Top of page

“Novels Arise Out of the Shortcomings of History”: An Interview with Juan Gabriel Vásquez

Share this post:

The following interview with Juan Gabriel Vásquez was conducted in 2016 by reference librarian Catalina Gomez as part of the Poetry and Literature Center’s online Interview Series. The series featured emerging and established literary writers in dynamic and thought-provoking conversation. Though the series is no longer active, From the Catbird Seat is reprinting these interviews to bring them new light.

Juan Gabriel Vásquez

At the Hay Festival (in Cartagena, 2016), you talked about the transgressive power of literature. What do your novels offer us in that respect, especially in their salvaging of Colombian history?

Well, I’ve always believed that literature is, among many other things, the place where we can confront the official versions of our history, and maybe rebel against them. My very last novel (The Shape of the Ruins) deals with two political murders that shook the 20th century in Colombia. They have this in common: the accepted truth about them, the official version, is very different from what most likely happened—what we think really happened. But we don’t have to talk about conspiracies. Every event in history has another side, a version that has been ignored, hidden away or consciously suppressed. Literature is subversive in that it penetrates history through its cracks and lets us know about these hidden places. “Novels arise out of the shortcomings of history” is the way Novalis put it. I’ve always believed this.

A lot of your characters are obsessed with uncovering past truths—can you talk about the importance of that work in your own writing?

All my novels are, in one way or another, investigations. My characters have that kind of relationship with reality: it is a mystery, it hides secrets, and their task is to dive into those dark waters and come up again with something new in their hands. Perhaps this is because I have the same relationship with my writing. The process of writing a novel, for me, involves a feeling of uncertainty, of going into places (usually dark places) that I had never visited before. The Colombian hotels turned into prisons for Nazi propagandists in The Informers; the first years of the drug trade in The Sound of Things Falling. Or mysteries of the private past: what did really happen during that strange night, many years ago? This is what bothers the political cartoonist of Reputations, and he sets out to try to uncover that secret.

In what ways do you think that your work can speak to readers who are not part of, or aware of, the specific historical and political realities that you deal with in your novels?

In the same ways, I suppose, as Latin American readers of Philip Roth can read I Married a Communist without being aware of McCarthyism. Or in the way readers of Blood Meridian can enjoy (if that is the word) the novel without knowing about the Glanton gang of 1850. This is what literature does: it finds in our historical experience or in our clash with historical events that which is common to all humanity. My novels don’t talk about Colombian history; they talk about violence, fear, memory, the weight of the past. To do that, they take a moment of reality—something that actually happened and makes part of my experience, directly or indirectly.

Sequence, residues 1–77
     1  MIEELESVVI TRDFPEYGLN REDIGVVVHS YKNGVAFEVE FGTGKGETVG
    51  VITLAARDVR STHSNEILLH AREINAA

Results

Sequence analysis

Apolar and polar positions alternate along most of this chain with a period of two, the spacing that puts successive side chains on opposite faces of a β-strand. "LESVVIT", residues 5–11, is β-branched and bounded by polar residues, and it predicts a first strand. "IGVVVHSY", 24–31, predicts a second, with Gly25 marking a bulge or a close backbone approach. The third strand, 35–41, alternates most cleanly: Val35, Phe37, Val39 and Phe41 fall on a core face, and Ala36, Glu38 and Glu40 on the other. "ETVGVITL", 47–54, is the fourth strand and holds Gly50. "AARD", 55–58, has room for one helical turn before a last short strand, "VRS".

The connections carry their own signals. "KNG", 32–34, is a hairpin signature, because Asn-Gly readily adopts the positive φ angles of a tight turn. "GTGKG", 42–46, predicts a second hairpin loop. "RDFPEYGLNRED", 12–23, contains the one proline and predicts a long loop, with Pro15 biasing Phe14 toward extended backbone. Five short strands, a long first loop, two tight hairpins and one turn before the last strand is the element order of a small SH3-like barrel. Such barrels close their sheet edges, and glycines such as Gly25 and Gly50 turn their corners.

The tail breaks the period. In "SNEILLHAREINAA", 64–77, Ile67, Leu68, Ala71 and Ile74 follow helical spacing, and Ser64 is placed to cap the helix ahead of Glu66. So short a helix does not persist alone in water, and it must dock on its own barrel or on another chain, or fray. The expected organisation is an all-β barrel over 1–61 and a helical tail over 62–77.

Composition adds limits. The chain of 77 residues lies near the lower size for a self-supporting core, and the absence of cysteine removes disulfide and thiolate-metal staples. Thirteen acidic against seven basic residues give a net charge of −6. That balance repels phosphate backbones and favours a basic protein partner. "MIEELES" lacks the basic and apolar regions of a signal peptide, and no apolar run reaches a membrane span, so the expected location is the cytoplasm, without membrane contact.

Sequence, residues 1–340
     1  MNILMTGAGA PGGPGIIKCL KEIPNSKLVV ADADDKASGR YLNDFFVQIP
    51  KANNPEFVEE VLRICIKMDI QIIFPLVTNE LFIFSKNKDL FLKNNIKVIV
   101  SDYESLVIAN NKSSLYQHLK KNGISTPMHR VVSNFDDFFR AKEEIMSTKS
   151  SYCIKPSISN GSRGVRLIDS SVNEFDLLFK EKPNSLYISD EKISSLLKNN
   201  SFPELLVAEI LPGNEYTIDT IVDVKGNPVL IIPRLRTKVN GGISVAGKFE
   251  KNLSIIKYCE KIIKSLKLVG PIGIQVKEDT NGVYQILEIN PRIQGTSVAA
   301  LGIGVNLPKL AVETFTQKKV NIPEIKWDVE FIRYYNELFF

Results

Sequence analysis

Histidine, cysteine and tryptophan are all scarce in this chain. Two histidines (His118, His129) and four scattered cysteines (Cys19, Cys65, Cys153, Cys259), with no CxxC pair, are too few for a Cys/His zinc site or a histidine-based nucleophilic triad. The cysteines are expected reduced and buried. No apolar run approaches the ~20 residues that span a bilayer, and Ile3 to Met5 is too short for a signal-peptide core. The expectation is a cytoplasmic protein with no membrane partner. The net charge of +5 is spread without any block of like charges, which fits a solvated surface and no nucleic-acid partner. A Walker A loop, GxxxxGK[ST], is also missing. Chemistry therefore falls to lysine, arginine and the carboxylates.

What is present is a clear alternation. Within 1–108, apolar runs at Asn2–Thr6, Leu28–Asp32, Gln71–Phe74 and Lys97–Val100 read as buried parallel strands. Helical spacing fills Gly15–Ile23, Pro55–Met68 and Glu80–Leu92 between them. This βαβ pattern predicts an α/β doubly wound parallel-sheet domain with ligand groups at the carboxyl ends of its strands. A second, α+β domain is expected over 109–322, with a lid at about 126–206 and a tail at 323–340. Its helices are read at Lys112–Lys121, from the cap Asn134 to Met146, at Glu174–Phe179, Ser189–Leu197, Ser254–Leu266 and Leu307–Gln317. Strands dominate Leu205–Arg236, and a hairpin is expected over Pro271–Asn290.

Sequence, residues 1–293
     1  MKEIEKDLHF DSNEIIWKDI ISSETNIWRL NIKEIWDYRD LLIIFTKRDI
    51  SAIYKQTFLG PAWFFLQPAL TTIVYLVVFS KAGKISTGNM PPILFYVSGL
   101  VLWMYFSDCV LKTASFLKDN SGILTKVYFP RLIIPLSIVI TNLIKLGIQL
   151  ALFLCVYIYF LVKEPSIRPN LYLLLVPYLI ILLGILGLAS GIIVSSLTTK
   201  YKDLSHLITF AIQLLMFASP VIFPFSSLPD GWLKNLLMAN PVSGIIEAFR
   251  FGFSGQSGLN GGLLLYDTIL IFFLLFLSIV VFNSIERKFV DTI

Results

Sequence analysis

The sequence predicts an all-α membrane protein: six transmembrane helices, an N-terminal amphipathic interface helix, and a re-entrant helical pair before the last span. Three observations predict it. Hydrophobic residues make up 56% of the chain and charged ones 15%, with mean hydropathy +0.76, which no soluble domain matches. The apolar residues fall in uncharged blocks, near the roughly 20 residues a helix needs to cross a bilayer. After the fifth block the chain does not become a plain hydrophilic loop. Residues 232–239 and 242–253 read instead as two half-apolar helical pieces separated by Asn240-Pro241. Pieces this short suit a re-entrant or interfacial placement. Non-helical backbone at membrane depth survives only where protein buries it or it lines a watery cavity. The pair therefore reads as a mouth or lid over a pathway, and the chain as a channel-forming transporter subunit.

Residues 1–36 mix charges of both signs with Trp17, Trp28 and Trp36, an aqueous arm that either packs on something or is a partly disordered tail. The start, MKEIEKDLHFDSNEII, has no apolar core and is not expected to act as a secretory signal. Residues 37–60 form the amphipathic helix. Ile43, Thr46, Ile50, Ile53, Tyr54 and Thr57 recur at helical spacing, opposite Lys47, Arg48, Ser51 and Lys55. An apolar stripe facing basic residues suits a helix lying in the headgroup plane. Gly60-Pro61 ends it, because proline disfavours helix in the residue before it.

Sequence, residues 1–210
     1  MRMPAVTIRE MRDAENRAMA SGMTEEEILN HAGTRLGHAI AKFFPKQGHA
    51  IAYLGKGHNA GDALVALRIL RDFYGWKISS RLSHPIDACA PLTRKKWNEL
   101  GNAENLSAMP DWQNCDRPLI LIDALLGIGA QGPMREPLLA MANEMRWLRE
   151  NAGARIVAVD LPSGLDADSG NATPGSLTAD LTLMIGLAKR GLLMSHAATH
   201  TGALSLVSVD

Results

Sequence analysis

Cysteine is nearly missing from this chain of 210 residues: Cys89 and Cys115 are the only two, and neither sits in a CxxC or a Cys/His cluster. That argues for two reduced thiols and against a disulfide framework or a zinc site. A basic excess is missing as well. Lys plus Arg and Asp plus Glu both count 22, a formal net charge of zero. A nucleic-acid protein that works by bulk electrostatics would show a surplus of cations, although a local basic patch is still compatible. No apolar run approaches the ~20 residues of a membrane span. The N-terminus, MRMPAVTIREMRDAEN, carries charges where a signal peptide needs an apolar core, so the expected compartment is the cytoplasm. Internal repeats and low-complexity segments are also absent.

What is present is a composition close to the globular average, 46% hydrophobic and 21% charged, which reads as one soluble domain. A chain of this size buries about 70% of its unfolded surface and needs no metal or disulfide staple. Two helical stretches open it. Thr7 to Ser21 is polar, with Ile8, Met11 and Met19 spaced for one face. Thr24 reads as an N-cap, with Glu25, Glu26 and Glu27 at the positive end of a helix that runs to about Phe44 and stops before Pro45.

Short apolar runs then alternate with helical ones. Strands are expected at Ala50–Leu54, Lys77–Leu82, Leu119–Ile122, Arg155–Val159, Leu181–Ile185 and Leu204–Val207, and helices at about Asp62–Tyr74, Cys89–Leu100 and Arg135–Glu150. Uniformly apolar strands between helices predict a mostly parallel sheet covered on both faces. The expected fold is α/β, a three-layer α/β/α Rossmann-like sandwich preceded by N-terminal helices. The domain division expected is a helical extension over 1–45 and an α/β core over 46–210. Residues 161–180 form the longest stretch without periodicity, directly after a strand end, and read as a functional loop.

When you recorded here at the Library of Congress for the Archive of Literature on Tape (now the PALABRA Archive) in 2013, you talked about disowning your early work. Can you talk about what your later work is able to accomplish that your early work did not?

I was discussing my first two novels, published when I was 23 and 25 years old. These are works that I value because of the things I learned while writing them, but they are full of mistakes that I’m not about to impose on readers. They are, so to speak, rehearsals, and we don’t go to the theater to look at rehearsals: we want to see the finished product. That is why they are not translated and I haven’t allowed any reprints. Now, you ask what my later work is able to accomplish that those two novels did not. It’s very simple: I found my subject. In those first attempts, if I’m not terribly wrong, I became a decent maker of sentences. But those sentences didn’t speak about anything. It took me several years to discover what my obsessions were and how to turn them into literature.

Your next novel coming out in English is Reputations (to be published in September 2017). Can you tell us a little bit about this book?

It’s a very different book from the ones my American readers know. For one thing, it is much shorter: it was written in the spirit of the short novels I love, those concentrated studies of one character in his predicament. Secondly, there is no Colombian history in the book. It deals with the past, but it is a private past. It is the story of a very powerful political cartoonist who, as he is celebrated for his life’s work, is paid a visit by a young woman. She asks him to remember one night, 28 years before, and that act of investigation into his memory leads to questionings and reconsiderations of everything that matters to him. So all my interests are there, but in their most intimate form.

Juan Gabriel Vásquez is the author of numerous novels, including The Shape of the Ruins, which was shortlisted for the 2019 International Man Booker Prize; Reputations, a New York Times Best Book of the Year; and The Sound of Things Falling, a National Bestseller and winner of the 2014 International IMPAC Dublin Literary Award. Vásquez’s novels have been published in twenty-five languages worldwide. After sixteen years living in France, Belgium, and Spain, he now resides between Bogotá and New York City.